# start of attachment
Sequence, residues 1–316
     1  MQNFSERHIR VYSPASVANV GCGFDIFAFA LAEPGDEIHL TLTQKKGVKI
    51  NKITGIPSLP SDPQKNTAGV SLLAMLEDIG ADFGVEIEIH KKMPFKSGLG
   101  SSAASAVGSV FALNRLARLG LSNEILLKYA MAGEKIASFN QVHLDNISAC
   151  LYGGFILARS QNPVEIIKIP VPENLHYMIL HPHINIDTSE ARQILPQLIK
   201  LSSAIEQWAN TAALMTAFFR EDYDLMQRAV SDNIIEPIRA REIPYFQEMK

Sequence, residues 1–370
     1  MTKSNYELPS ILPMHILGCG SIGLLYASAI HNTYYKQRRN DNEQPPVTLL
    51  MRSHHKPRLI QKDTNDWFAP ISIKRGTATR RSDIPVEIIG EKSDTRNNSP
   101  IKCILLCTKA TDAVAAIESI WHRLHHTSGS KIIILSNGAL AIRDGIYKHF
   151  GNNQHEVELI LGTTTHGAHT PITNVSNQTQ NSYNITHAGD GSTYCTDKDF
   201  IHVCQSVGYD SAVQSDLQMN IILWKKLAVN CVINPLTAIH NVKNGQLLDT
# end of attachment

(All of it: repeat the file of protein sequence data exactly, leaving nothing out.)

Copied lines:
Sequence, residues 1–316
     1  MQNFSERHIR VYSPASVANV GCGFDIFAFA LAEPGDEIHL TLTQKKGVKI
    51  NKITGIPSLP SDPQKNTAGV SLLAMLEDIG ADFGVEIEIH KKMPFKSGLG
   101  SSAASAVGSV FALNRLARLG LSNEILLKYA MAGEKIASFN QVHLDNISAC
   151  LYGGFILARS QNPVEIIKIP VPENLHYMIL HPHINIDTSE ARQILPQLIK
   201  LSSAIEQWAN TAALMTAFFR EDYDLMQRAV SDNIIEPIRA REIPYFQEMK

Sequence, residues 1–370
     1  MTKSNYELPS ILPMHILGCG SIGLLYASAI HNTYYKQRRN DNEQPPVTLL
    51  MRSHHKPRLI QKDTNDWFAP ISIKRGTATR RSDIPVEIIG EKSDTRNNSP
   101  IKCILLCTKA TDAVAAIESI WHRLHHTSGS KIIILSNGAL AIRDGIYKHF
   151  GNNQHEVELI LGTTTHGAHT PITNVSNQTQ NSYNITHAGD GSTYCTDKDF
   201  IHVCQSVGYD SAVQSDLQMN IILWKKLAVN CVINPLTAIH NVKNGQLLDT